GERMANY. Ruud Koopmans is a professor of sociology at Humboldt University in Berlin who have run studies for 20 years about integration and assimilation. He has arrived at the conclusion that Muslims are more difficult to integrate than other immigrant groups.
He goes so far as to claim that no Western country has managed to do so and despite individual pattern breakers the general picture is discouraging.
For anyone who takes facts and data seriously, it is undeniable that Muslims are much worse at integration than other groups of immigrants, no doubt about that. There is also no doubt that in most other groups of immigrants, we see great progress from one generation to the next. Although it’s not completely absent in Muslims, the change is much slower,”
I conclude that the Islamic world in all these areas is lagging behind rest of the world. Increasingly so in the past 50 years. (…) The message in my book [The Decrepit House of Islam] is not that there is something inherently wrong with Islam itself, but that there is a problem with the way many Muslims and, globally, many Muslim countries interpret Islam. Namely, in a way that basically claims that the Quran and the Sunna must be taken literally, and that the way the Prophet lived in the 7th century must be the yardstick for how Muslims should live in the 21st century. Such a brand of Islam is, firstly, a threat to world peace. Secondly, it prevents integration.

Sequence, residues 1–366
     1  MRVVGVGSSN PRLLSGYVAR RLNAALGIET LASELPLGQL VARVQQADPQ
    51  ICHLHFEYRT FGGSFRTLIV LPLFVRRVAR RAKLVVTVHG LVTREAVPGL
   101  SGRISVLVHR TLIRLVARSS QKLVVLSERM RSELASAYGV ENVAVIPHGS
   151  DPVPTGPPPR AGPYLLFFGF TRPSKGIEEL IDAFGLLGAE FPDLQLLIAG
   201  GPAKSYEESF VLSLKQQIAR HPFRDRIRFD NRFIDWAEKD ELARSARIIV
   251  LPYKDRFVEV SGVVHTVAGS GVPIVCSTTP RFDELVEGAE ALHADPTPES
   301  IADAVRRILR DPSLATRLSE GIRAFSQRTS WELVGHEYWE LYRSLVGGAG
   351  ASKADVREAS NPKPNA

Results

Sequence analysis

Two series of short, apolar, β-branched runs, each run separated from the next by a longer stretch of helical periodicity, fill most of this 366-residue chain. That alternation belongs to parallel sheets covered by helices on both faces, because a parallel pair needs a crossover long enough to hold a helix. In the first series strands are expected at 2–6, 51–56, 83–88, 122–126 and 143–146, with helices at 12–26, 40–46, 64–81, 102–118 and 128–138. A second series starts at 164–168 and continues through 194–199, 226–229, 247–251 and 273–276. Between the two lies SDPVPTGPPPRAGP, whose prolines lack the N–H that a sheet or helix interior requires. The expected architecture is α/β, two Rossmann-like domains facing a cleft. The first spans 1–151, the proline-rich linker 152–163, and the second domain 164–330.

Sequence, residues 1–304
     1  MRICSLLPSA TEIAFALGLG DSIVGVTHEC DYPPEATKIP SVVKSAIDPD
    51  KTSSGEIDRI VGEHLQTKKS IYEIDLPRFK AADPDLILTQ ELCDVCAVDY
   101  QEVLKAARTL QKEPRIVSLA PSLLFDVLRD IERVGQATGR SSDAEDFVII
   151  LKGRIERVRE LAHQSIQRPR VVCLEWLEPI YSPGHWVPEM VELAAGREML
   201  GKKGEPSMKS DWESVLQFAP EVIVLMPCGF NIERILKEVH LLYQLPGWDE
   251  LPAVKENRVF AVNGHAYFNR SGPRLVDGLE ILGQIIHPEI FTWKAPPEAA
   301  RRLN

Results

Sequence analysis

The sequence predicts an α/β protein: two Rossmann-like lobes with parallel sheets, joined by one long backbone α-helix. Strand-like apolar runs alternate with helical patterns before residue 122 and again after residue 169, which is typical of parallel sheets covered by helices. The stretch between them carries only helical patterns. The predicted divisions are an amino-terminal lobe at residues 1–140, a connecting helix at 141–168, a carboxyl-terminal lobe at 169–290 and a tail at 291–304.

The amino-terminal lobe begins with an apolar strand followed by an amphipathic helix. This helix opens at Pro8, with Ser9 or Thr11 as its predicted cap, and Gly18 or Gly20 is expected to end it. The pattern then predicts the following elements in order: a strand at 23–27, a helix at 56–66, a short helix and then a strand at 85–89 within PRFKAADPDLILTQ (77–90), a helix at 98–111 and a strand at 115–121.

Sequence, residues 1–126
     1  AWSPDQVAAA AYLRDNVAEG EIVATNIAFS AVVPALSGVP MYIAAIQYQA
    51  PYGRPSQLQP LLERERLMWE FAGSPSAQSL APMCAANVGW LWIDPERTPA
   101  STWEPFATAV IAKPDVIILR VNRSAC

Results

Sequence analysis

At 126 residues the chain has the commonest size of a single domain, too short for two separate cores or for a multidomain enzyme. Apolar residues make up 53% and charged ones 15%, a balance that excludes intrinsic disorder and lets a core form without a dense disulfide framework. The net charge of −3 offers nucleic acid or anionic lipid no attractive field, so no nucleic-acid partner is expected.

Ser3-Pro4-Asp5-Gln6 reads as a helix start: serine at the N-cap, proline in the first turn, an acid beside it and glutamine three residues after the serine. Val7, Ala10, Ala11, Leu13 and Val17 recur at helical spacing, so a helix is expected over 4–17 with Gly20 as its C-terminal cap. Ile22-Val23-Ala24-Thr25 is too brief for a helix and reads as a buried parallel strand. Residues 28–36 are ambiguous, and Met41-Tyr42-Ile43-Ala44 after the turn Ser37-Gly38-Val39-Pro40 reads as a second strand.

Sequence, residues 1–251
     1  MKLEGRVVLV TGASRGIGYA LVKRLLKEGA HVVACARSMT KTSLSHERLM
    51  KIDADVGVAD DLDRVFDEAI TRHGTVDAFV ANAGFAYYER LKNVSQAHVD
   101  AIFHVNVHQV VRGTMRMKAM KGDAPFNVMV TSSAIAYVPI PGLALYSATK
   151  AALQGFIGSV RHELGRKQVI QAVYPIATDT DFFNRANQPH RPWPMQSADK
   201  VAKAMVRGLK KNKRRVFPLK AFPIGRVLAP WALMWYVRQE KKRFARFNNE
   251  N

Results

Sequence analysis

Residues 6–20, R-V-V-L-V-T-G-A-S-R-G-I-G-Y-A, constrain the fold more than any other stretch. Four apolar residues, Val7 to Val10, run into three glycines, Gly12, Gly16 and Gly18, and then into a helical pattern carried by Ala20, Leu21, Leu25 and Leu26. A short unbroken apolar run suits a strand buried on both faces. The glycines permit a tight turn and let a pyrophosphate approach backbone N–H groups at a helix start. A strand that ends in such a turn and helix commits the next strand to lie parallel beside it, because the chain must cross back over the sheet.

Some of Koopmans findings:
- around 65% of Turkish and Moroccan Muslims in six European countries consider religious rules to be more important than the secular law of the country in which they live
- Muslims consider themselves separate from other non-Muslim groups and refrain from broader interaction with those outside their religion
- almost 60% of the Muslims surveyed rejected the idea of being friends with homosexuals
- 45% said the same thing about Jews
- up to 50 percent of Muslims in Europe hold fundamentalist beliefs (compared with less than 4% of Christians)
You find links to Koopmans research here.